Daphne Wysham: Well, it's morally and ethically bankrupt. The US is responsible for 30% of the CO2 emissions that are now in the Earth's atmosphere that are melting our polar regions rapidly. Glacier National Park will soon have no more glaciers. We could go on and on about the devastating impacts that this is happening not only at home but, of course, in the developing world. Sea level rise and increase in the intensity of the storms and so on. For us to say you know what? We created a good share of this problem but we are going to put America first and turn our backs on countries that are currently suffering extreme weather conditions like Yemen, like countries in the Middle East that are dealing with crop failure and drought.

That is a terrorism magnifier, as the Pentagon has suggested. Climate change will result in terroristic activity multiplying because people feel more desperate. The compassionate response and the smart response, frankly, is to hold out our hands to those countries and say, "We will help you leapfrog over this outdated technology. We will help you develop your resiliency in the face of these crisis." Instead, by doing what we're doing under Trump, we are essentially making this world into a much more dangerous place than it was before he got elected.

Sharmini Peries: Right. Now, President Obama was quick on his feet. He has already commented on social media his thoughts about the withdrawal from the Accord. One thing that we must be cognizant of is Obama himself could have done a lot more. In fact, one of the reasons that this climate agreement is so delayed is the US negotiations took forever and, in fact, he could have sealed and delivered this and some of his outcomes could have already had some sort of impact on the climate by now had there been a greater speed in terms of moving towards acknowledging and eliminating emissions from our environment. Do you put some of this onus on Obama?

Daphne Wysham: Well, look. I think one of the problems that we've seen over and over again with the Democratic Party is even when they had a full majority in the House and the Senate and in the White House, they were not willing to be as ambitious in pushing the agenda that we wanted them to as the Republican Party is now doing under Donald Trump. For that, whether that's Barack Obama's fault and whether we should lay the blame squarely on his shoulders, or on social movements or on the Democratic Party overall, I don't know, but he definitely missed a golden opportunity in the first few years of his first term when he could have been pushing all of these ambitious agendas that he, eventually, did push towards the end of his eight years in office.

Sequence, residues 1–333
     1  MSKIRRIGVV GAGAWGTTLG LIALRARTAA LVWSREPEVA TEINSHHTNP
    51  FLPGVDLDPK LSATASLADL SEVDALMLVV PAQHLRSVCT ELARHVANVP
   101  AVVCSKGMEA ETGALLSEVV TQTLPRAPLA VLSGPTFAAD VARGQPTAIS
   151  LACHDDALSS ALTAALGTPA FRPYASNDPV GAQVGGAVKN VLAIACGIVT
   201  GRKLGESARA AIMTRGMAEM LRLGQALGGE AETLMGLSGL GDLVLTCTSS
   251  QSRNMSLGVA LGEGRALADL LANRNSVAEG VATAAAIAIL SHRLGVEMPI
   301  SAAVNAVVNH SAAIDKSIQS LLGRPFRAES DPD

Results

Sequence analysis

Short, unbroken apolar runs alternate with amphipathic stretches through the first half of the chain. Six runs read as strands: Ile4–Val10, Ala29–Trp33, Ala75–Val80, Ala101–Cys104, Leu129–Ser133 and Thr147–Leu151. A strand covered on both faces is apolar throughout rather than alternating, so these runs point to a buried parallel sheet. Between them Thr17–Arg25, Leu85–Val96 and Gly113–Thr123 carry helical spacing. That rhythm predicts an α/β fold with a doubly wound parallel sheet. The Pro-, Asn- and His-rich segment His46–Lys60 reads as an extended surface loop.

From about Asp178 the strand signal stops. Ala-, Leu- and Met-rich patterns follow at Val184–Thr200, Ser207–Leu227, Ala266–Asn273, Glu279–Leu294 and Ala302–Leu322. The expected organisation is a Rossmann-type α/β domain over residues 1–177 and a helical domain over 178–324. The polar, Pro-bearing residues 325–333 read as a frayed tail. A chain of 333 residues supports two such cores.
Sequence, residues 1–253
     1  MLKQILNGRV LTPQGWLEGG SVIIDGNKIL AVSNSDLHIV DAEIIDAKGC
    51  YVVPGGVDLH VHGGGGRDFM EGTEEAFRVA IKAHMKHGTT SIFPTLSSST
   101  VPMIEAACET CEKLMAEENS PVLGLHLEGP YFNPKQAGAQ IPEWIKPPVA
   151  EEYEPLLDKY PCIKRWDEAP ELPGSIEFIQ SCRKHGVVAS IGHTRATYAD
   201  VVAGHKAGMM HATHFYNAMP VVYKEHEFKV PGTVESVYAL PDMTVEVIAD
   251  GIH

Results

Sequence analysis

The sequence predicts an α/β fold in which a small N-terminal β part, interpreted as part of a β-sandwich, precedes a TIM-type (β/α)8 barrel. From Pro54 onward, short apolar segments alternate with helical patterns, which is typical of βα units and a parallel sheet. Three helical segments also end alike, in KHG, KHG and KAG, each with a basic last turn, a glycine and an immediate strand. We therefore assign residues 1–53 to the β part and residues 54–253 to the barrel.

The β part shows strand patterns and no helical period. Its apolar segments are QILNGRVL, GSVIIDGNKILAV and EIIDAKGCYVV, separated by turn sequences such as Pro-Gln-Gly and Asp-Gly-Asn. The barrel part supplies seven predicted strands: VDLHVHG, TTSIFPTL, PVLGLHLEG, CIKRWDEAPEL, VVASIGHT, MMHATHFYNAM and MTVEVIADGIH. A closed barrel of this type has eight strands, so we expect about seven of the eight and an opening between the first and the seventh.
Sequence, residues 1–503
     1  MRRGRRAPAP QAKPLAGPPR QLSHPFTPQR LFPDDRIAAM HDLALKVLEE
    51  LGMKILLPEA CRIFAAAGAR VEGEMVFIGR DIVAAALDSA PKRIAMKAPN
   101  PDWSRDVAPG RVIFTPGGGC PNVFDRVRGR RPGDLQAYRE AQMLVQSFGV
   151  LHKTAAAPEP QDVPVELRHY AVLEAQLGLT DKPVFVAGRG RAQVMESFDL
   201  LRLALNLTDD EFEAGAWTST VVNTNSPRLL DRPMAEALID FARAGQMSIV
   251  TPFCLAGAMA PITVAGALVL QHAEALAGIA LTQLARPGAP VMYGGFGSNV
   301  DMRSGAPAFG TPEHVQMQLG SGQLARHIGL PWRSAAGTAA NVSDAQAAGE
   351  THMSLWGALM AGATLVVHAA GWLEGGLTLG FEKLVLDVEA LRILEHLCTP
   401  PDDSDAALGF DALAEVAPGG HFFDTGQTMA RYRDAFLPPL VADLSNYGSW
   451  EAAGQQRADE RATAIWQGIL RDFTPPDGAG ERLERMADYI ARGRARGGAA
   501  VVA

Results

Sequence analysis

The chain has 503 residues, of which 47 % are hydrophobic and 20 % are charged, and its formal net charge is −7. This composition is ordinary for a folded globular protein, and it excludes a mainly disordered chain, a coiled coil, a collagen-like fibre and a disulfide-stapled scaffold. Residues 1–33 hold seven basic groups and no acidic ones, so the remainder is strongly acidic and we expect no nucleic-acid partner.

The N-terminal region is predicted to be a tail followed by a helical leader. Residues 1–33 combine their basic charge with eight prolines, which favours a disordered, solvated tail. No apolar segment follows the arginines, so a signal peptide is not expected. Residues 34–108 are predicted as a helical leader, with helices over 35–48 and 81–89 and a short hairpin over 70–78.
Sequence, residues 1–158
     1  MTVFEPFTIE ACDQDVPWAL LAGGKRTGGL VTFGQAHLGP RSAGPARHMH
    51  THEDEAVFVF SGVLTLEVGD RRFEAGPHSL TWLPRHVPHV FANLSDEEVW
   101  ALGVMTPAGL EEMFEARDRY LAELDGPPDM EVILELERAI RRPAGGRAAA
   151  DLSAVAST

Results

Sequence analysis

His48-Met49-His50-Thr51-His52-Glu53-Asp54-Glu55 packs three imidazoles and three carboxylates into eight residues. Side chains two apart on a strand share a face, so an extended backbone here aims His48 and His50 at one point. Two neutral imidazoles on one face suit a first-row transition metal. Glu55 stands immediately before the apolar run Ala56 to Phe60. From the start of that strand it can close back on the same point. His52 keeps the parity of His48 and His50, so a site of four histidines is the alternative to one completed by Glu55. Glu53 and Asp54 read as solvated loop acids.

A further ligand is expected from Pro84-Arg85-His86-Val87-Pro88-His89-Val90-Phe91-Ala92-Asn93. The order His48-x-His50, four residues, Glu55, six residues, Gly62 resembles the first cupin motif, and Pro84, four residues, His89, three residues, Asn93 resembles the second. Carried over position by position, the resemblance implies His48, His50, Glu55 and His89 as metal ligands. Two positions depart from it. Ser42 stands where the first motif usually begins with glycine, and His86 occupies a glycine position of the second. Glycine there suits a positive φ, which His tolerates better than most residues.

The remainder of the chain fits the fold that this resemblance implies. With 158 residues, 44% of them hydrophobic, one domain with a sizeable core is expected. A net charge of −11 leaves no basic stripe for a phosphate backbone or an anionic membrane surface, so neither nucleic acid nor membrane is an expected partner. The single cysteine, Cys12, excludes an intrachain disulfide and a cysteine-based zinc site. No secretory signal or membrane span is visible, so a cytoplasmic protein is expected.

We'll never know exactly in hindsight. It looks like it could have happened much more speedily but we know what kind of resistance he was facing from the Republicans from the get-go. They have been the party of no for quite some time and they sure did their best to do everything possible to disrupt every single initiative that President Obama tried to put in place. It's hard to second guess it in hindsight. I wish he had been more aggressive and he wasn't.

Sharmini Peries: Finally, Daphne, Trump said that US is going to pull out of the nonbinding aspects of the agreement but then later said, "This Accord has massive legal implications and it's going to cost us a fortune." What did he mean by that?

Daphne Wysham: I don't know. Trying to read Donald Trump's, decipher his words and his tweets. As we've learned, he comes up with words that don't even exist in the dictionary and I think this was just him making another ill-informed comment. The truth of the matter is that one of the reasons that the Paris Accord was so universally accepted around the world was that there was no legally binding aspect to it. The UN Framework Convention on Climate Change is a treaty that does have legal teeth to some degree, but there were no binding targets under the UNFCCC, so Donald Trump can scare the public, as we've learned from his words about immigrants and now he's trying to use similar tactics about all the things that were very scary about the Paris Climate Accords, which are patently false.

The scary thing is that enough people are buying this problem and, unfortunately, the world, as I said earlier, will be a much more unsafe place unless we resist this President and push our local and state elected officials to take very strong action as soon as possible.

Sharmini Peries: All right, Daphne. As always, I thank you so much for joining us at this very important moment in terms of our climate, so I thank you.

Daphne Wysham: Thank you.

Sharmini Peries: Thank you for joining us here on the Real News Network.